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MySQL BOOLEAN FULLTEXT SEARCH

A Boolean search mode is an additional form of full-text search in MySQL. It is more word-driven than the natural language search that means it searches for words instead of the concept. It allows us to do a search based on very complex queries that include Boolean operators such as less than (<) or more than (>) operators, the plus (+) and minus (-) sign, subexpressions ("(" and ")"), double quotes (""), an operator that lowers the value's contribution to the results (~) and the wildcards.

Therefore this search mode is suitable for the experienced user because it offers a means to perform some very advanced searches. We can perform a full-text search in this mode by including the IN BOOLEAN MODE modifier in the AGAINST function.

Let us understand it with a basic example. Suppose we have a table named posts that contain the following data:

MySQL BOOLEAN FULLTEXT SEARCH

The following example displays the result about how to search for a post's title whose name contains the "Java" word:

Executing the query will return the two post name that contains the Java word:

MySQL BOOLEAN FULLTEXT SEARCH

Suppose we want to get the post whose post names contain the "MySQL" word but not any other rows that contain the "Java" word. In this case, we can use the exclude Boolean operator (-) to get the desired output. See the following query:

Executing the query will return the post name that contains the MySQL word, not the Java word:

MySQL BOOLEAN FULLTEXT SEARCH

Relevance Score

The MATCH() function assigned a relevance value for each row in the table and ordered them as highest relevance first. This value determines how it is relevant to the search term. The relevance score always comes in nonnegative floating-point numbers.

If we want to check text relevance and sorts the rows according to the highest relevance comes first, we can use the query as follows:

Executing the query, we will get the desired result:

MySQL BOOLEAN FULLTEXT SEARCH

Below is another example that lists the relevance values for each row, even the value is zero. We can get this result without using the MATCH() function in the WHERE clause. Here is the statement:

Executing the query, we will get the desired result:

MySQL BOOLEAN FULLTEXT SEARCH

MySQL Boolean FULLTEXT Search Operators

This table shows the operators used in the full-text Boolean search mode and their meanings:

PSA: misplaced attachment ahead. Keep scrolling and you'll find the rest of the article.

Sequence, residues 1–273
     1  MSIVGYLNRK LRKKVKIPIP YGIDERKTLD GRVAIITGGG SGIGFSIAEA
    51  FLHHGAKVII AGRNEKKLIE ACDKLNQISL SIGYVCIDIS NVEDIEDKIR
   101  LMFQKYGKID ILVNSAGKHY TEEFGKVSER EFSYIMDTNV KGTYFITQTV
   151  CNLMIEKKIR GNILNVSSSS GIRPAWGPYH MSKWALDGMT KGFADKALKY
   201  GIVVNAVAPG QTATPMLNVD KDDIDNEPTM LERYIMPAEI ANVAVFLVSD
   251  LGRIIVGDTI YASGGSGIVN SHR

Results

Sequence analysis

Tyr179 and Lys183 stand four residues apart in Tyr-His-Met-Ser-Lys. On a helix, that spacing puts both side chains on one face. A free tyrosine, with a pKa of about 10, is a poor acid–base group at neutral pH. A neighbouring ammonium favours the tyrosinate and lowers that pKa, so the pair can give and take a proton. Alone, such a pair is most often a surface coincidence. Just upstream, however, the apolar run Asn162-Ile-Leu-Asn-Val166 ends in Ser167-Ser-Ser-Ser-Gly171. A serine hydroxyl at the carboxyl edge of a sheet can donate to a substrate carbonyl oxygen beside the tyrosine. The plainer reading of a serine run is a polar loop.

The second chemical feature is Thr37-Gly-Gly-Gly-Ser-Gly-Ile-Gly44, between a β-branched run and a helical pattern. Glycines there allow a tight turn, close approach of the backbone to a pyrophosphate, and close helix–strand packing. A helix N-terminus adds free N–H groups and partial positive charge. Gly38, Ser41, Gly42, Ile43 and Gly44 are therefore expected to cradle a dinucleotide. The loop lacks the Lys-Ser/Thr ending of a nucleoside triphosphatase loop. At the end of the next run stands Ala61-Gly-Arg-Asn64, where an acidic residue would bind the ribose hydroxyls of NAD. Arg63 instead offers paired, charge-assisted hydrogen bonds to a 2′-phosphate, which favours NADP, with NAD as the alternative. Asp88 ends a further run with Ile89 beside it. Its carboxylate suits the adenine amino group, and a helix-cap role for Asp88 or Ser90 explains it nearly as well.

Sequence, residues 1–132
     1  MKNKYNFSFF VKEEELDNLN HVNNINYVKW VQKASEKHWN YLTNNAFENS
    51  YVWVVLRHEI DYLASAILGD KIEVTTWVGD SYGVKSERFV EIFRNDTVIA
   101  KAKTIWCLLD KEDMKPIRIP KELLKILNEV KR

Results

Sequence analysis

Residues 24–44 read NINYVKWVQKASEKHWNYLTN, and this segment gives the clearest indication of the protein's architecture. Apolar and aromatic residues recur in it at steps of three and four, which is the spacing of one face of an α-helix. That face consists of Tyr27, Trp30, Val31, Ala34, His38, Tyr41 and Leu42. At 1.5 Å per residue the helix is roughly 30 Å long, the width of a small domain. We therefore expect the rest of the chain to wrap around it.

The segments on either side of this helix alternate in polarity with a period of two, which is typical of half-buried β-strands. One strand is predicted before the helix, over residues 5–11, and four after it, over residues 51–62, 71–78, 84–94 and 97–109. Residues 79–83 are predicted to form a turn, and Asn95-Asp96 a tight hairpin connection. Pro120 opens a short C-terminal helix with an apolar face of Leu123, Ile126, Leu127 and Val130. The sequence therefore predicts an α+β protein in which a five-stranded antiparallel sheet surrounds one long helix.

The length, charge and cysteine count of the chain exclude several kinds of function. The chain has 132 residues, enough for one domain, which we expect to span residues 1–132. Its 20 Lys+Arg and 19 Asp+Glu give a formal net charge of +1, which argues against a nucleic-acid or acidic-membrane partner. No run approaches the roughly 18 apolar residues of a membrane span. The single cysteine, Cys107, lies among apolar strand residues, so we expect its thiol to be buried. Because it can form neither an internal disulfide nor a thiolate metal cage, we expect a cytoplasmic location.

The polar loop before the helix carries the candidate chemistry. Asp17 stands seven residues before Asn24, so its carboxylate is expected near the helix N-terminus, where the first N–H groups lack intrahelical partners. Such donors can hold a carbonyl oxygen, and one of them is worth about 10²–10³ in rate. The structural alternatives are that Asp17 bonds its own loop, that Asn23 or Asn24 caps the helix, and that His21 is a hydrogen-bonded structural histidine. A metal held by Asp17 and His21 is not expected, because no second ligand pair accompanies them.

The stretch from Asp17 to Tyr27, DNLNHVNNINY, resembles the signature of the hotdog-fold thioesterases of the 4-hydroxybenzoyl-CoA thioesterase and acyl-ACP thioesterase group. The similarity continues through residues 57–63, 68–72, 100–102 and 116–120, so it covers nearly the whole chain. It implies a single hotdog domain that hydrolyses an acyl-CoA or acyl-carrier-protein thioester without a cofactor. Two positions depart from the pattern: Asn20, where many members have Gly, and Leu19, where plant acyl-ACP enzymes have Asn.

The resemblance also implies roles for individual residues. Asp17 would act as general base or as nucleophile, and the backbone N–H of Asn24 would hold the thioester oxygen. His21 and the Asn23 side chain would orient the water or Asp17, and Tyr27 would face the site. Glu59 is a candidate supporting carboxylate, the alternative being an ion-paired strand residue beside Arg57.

Operators Descriptions
+ A leading or trailing plus sign representing the search string must be present in each returned row.
- A leading or trailing minus sign representing the search string must not be present in any returned rows.
> It is used to change word's contribution to the relevance value assigned to a row. The > operator increases the relevance value.
< It is used to change word's contribution to the relevance value assigned to a row. The > operator decreases the relevance value.
* It indicates the wildcard at the end of the word.
~ It acts as a negation operator that negates the word"s ranking value. It is useful in marking noise words.
"" It defines a phrase enclosed within double quote (") characters. It matches the entire phrase for inclusion or exclusion instead of individual words.
() The parenthesis operator is used to group words into subexpressions. It can also be nested and allowing them to be included, excluded, ranked, and so forth as a group.
@distance It is only used in InnoDB tables that test whether two or more words start within a specified distance from each other or not.
No operator If we have neither used plus or minus operator, by default, the word is optional, but the rows rated higher.

Let us see various examples that illustrate the use of Boolean full-text operators in the search query:

1. If we want to search for rows that contain at least one of these words: Java or tutorial, we can use the below statement:

2. If we want to search for rows that contain both words: Java and tutorial, we can use the below statement:

3. If we want to search for rows that contain the word Java, but put the higher rank for the rows that contain MySQL:

4. If we want to search for rows that contain the word Java, but put the lower rank for the rows that contain MySQL:

5. If we want to find rows that contain words starting with "my", such as "MySQL", we use the below query:

MySQL Boolean FULLTEXT Search Characteristics

  • MySQL Boolean full-text search does not automatically sort rows in order of decreasing relevance.
  • If we want to perform Boolean queries in InnoDB tables, it requires a full-text index on all columns of the MATCH expression. However, it is not required in MyISAM tables, but here the search becomes slow.
  • Full-text search on InnoDB tables does not support multiple Boolean operators on a single search word, e.g., '++database'. If we do this, MySQL will return the syntax error. However, it can be processed in MyISAM tables that ignore other operators and uses that operator, which is adjacent to the search word; for example, '+-database' will become '-database'.
  • InnoDB full-text search only supports leading plus (+) or minus (-) sign, not trailing plus or minus sign. If we do this, MySQL will report a syntax error. For example, we can search '+database' but not 'database-' in InnoDB. Also, we cannot use the leading plus or minus with wildcard characters: +*, +-, etc.
  • MySQL will ignore the 50% threshold (the word appears in more than 50% of the rows) in the search result.
  • MySQL InnoDB full-text search does allow to use @ symbol in the Boolean full-text search.





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